The grass from the pampas is similarly associated with childhood freedom. We know from Woolf’s autobiographical “Sketch of a Past” that pampas grass grew at Talland House, the family’s summer retreat in Cornwall; it marked a “grassy mound” called “the lookout place, between the clumps of pampas grass” from which the children often watched for the train signal which meant that visitors were arriving (MOB 129). There are several more or less nostalgic appearances of pampas grass in her early fiction which recall this Cornish venue. In Jacob’s Room, the Durrant’s house in Cornwall has several features in common with Talland House, including rooks and moths which rise and fall through the summer evening, passionflowers, and “a silvery meadow” at the end of which “The pampas grass raised its feathery spears from mounds of green” and ”A breadth of water gleamed” (JR 56). In Mrs Dalloway, the spears of pampas grass carry an intense metaphorical charge. When Peter Walsh breaks down in tears confessing his love for Daisy to Clarissa Dalloway, she leans forward and kisses him “before she could down the brandishing of silver flashing—plumes like pampas grass in a tropic gale in her breast” (45), an emotional reaction which reminds her of the “gaiety [which] would have been mine all day” if she had married Peter (MD 46). Lady Bruton’s memories of her childhood in Devonshire are similarly animated: “And there were the dogs; there were the rats; there were her father and mother on the lawn under the trees, with the tea-things out, and the beds of dahlias, the hollyhocks, the pampas grass; and they, little wretches, always up to some mischief!” (MD 109). Perhaps the most literal rendition of Woolf’s Cornwall memories is in To the Lighthouse where Mr. and Mrs Ramsey’s evening walk seems to invoke the exact geography of the lookout place: “So off they strolled down the garden in the usual direction, past the tennis lawn, past the pampas grass, to that break in the thick hedge, guarded by red hot pokers like brasiers of clear burning coal, between which the blue waters of the bay looked bluer than ever” (TTL 16). Even in The Waves, pampas grass seems to retain its old aura of announcing visitors as Rhoda, sinking down “on the black plumes of sleep,” remembers: “I see the stretched flower-beds, and Mrs Constable runs from behind the corner of the pampas-grass to say my aunt has come to fetch me in a carriage” (TW 18).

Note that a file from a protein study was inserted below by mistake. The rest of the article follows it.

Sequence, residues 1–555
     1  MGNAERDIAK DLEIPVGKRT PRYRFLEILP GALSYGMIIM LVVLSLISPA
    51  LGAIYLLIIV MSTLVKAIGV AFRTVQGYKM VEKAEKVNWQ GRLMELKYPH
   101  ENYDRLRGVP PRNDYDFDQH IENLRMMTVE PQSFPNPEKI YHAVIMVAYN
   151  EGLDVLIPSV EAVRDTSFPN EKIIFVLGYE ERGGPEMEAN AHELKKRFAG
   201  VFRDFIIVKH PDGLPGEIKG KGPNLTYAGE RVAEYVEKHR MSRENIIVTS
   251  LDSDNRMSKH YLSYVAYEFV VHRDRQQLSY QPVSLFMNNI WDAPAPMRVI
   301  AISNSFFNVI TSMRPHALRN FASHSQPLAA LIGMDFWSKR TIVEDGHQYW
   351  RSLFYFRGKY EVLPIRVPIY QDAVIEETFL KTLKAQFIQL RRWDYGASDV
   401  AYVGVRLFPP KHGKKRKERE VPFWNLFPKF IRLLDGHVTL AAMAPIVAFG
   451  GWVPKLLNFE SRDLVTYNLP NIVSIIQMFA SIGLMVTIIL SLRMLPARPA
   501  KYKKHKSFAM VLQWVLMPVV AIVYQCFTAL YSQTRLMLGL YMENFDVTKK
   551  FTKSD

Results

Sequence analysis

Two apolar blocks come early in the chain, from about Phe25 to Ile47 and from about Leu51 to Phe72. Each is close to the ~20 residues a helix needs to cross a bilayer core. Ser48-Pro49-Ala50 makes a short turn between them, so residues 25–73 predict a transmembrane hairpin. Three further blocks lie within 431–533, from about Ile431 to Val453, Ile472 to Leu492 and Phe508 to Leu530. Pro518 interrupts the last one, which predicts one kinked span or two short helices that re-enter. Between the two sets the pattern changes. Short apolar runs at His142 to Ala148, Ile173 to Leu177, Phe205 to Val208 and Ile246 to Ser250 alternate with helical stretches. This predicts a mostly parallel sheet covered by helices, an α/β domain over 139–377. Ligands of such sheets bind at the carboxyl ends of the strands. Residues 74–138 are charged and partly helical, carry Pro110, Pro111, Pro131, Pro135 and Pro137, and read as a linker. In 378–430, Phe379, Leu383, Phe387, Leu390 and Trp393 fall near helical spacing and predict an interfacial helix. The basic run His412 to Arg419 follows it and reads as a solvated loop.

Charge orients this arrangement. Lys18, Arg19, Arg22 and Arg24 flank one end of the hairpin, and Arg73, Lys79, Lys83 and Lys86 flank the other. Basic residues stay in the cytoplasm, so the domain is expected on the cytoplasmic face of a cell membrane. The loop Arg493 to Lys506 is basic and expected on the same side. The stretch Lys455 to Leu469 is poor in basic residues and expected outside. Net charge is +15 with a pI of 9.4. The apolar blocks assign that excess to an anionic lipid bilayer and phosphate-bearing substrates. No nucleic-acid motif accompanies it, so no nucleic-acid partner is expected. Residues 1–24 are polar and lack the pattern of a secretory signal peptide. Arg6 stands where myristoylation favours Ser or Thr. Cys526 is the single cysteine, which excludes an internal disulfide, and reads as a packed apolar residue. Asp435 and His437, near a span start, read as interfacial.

In the 1930’s, Woolf’s friendship with the Argentinian editor and writer, Victoria O'Campo generated a renewed vision of the tall grasses on the South American plains. Writing in February of 1935, Woolf evokes a romantic panorama of perpetual rustling movement: “I imagine you hear the wind bending a million acres of pampas grass” (L5 372). Later, in October, the gift of a framed set of South American butterflies elicits a further imagination of pampas grass in an exotic scene[iii]: “How remote and sunk in time and space you seem, over there, in the vast – what d’you call them --those immense blue grey lands with the wild cattle and the pampas grass and the butterflies?” (L5 439)